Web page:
Background: The emergence of carbapenem resistance among gram-negative bacilli (GNB), mediated by carbapenemase production, has necessitated the development of a simple and accurate device for detecting minimum inhibitory concentrations (MICs) and resistance mechanisms, especially carbapenemase production. We evaluated the performance of the BD Phoenix NMIC-500 panel (BD Diagnostic Systems, Sparks, MD, USA) for antimicrobial susceptibility testing (AST) and carbapenemase-producing organism (CPO) detection. Methods: We used 450 non-duplicate clinical GNB isolates from six general hospitals in Korea (409 Enterobacteriaceae and 41 glucose non-fermenting bacilli [GNFB] isolates). AST for meropenem, imipenem, ertapenem, ceftazidime, and ceftazidime/avibactam, and CPO detection were performed using the Phoenix NMIC-500 panel. Broth microdilution was used as the reference method for AST. The rates of categorical agreement (CA), essential agreement (EA), minor error (mE), major error (ME), and very major error (VME) were calculated in each antimicrobial. In addition, PCR and sequencing were performed to evaluate the accuracy of CPO detection by the BD Phoenix NMIC-500 panel, and the rate of correct identification was calculated. Results: The CA rates were >90% for all antimicrobials tested with the Enterobacteriaceae isolates, except for imipenem (87.2%). The GNFB CA rates ranged from 92.7% to 100% for all antimicrobials. The ME rates were 1.7% for Enterobacteriaceae and 0% for GNFB. The panel identified 97.2% (243/250) of the carbapenemase-producing isolates. Conclusions: The BD Phoenix NMIC-500 panel shows promise for AST and CPO detection.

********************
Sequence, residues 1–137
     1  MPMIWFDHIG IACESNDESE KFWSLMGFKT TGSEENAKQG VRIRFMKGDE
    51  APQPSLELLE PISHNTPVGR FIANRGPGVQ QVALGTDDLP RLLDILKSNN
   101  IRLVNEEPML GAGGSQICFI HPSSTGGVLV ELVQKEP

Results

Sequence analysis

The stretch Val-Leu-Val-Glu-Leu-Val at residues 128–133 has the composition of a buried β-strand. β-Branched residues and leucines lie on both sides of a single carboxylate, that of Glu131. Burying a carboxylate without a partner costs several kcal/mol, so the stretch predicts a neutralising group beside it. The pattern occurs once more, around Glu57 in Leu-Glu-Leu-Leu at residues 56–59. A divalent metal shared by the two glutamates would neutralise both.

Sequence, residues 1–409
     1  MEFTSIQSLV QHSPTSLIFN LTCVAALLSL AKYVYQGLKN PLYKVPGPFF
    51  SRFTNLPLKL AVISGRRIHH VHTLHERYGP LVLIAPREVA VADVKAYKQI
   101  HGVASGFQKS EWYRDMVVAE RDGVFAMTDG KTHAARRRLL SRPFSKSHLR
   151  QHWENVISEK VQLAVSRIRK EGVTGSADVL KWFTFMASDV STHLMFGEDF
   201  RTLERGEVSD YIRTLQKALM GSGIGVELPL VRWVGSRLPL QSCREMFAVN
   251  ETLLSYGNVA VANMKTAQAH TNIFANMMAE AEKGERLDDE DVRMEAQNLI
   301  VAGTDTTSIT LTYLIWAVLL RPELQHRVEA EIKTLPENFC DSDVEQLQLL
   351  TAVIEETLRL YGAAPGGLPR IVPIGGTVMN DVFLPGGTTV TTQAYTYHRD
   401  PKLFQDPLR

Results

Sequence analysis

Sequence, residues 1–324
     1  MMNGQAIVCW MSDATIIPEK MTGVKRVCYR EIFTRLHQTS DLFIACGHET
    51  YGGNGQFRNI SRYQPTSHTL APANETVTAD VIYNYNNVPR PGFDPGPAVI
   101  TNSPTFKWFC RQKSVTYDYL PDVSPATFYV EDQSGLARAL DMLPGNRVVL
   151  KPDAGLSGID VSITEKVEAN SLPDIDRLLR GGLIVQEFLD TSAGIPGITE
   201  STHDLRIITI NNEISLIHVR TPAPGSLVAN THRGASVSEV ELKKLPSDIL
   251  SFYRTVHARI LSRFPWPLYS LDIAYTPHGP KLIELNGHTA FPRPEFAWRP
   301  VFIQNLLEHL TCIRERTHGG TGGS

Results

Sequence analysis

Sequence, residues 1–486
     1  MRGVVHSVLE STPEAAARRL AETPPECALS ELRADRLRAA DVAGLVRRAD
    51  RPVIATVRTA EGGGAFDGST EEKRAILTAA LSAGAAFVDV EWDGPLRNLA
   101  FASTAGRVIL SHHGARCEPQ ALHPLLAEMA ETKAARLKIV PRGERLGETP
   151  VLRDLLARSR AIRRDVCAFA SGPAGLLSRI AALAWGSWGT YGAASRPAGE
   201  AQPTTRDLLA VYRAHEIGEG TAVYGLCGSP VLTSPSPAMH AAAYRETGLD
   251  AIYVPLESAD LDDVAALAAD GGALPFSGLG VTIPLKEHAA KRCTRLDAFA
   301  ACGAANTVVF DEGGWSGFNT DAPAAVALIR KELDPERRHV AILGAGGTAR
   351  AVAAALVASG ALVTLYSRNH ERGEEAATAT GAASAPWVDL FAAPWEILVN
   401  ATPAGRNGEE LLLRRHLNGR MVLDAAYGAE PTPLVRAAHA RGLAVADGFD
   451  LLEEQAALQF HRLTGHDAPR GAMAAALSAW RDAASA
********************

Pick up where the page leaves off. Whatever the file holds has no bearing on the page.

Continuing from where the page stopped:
All Science Journal Classification (ASJC) codes
- Clinical Biochemistry
- Biochemistry, medical